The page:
to physically punish someone / to criticize someone severely
he chastised his colleagues for their laziness / The traditional whipping-stick the accusation of being photographic used to chastise artists was now extended to include cinematography. Tom chastises her for her past recklessness but agrees. Juditha Brown sent a personal letter to the judge chastising her for her ruling. Just a flirt, she chastised herself, and probably a married flirt for all that. Fool! she chastised herself, giving herself a shake as the buzzer on the microwave announced that the chicken was ready. Coleman chastised the board for not taking action sooner. Then some old women placed themselves at the front of the mob, alternately calming the children and half-heartedly chastising them.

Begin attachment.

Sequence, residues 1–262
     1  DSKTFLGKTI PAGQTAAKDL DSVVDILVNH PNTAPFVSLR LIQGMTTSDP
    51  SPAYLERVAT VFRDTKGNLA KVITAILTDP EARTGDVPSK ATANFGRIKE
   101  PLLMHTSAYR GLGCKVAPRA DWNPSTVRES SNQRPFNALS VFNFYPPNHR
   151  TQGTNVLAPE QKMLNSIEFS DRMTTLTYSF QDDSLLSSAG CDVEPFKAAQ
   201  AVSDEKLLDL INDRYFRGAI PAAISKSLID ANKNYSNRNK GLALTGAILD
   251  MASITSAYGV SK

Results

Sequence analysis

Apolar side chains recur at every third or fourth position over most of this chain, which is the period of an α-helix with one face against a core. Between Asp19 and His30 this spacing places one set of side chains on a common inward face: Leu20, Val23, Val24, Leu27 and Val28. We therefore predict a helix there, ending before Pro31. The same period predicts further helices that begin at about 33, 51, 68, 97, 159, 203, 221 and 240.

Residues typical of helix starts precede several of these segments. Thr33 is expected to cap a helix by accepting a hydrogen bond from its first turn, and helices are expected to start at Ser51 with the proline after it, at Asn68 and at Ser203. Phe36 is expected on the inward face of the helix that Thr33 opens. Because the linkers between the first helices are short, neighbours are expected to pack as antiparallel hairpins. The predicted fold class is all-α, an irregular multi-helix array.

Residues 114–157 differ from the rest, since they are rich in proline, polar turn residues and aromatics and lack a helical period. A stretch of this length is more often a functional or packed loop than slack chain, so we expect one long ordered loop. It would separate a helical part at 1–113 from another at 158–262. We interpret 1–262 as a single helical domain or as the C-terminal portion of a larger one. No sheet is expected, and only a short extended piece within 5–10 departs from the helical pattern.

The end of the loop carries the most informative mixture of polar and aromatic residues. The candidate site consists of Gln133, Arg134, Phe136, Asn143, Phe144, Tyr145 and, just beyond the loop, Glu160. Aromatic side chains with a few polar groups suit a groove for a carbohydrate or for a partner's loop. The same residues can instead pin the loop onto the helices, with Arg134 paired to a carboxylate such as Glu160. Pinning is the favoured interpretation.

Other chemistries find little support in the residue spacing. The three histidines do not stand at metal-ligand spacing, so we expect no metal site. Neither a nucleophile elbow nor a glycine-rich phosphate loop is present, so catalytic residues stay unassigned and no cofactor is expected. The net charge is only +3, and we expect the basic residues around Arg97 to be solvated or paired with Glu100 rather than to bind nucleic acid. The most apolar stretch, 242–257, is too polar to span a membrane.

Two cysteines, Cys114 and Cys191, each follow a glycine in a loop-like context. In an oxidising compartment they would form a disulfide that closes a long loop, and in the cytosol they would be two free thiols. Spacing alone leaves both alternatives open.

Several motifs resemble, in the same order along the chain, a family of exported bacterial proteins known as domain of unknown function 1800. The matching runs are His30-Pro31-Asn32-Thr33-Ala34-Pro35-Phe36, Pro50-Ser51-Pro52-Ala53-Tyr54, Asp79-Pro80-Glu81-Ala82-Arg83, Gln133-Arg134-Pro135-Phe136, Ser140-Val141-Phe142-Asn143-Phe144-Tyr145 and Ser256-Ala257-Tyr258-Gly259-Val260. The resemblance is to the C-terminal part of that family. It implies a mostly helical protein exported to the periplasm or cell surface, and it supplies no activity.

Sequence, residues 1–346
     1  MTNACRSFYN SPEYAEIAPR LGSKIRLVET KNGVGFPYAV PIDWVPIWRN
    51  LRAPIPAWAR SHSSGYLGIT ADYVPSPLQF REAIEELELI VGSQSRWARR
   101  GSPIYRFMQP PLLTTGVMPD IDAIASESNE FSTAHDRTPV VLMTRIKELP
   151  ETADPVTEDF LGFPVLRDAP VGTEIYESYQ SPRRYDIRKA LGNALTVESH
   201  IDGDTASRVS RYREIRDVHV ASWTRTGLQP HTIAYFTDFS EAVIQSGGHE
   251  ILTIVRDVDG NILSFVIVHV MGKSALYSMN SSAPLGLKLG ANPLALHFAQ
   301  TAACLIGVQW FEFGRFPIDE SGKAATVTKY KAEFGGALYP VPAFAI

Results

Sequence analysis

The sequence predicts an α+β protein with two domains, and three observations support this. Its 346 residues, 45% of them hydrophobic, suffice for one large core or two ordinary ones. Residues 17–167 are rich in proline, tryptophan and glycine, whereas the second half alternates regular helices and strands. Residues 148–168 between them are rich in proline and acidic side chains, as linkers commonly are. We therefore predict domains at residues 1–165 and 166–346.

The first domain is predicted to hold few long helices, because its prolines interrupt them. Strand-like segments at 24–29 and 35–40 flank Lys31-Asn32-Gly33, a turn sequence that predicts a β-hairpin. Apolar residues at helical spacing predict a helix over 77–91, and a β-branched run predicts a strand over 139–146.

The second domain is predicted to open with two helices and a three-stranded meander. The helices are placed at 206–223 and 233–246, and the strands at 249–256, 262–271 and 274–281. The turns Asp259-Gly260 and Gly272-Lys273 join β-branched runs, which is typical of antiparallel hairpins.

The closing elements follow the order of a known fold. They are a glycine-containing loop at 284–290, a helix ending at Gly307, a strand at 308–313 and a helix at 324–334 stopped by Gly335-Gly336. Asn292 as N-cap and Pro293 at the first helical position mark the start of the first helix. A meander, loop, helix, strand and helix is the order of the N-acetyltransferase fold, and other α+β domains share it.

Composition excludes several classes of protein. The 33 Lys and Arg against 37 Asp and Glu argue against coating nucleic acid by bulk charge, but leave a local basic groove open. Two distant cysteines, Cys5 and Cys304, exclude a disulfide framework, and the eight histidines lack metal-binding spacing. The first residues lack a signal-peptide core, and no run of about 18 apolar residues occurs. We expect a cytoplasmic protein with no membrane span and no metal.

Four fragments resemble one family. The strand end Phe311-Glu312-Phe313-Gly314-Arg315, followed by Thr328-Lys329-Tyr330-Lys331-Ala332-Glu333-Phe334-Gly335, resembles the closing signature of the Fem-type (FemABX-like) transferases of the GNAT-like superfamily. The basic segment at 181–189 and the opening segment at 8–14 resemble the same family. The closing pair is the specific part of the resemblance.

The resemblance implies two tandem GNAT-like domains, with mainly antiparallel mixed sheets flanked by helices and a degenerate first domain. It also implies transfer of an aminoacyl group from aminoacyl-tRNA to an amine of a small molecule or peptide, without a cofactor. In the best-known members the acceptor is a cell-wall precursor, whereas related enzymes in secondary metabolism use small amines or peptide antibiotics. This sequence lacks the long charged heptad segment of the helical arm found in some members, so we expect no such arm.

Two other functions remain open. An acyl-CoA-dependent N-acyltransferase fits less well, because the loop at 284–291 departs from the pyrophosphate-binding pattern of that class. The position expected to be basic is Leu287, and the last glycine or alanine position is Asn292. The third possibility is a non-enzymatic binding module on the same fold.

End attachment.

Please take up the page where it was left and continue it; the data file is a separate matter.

Chastise is a fancy word for telling someone that something they did was really bad. If you pick your nose, your mom's gonna yell at you. If you do it in front of the Queen of England, your mom will chastise you. Back in the Middle Ages, chastise used to also come with a beating––that sense of the word has passed, and in fact, people tend to use chastise when they are trying to accuse someone else of overreacting. "You're chastising me for forgetting to feed the cat, but it's not like the cat died!"
chaste / chastise /// 1275-1325; Middle English chastisen, equivalent to chasti (en) to chasten + -s- < ? + -en infinitive suffix
Burada yeni gibi görünüyorsunuz. Eğer katılmak istiyorsanız düğmelerden birine tıklayınız.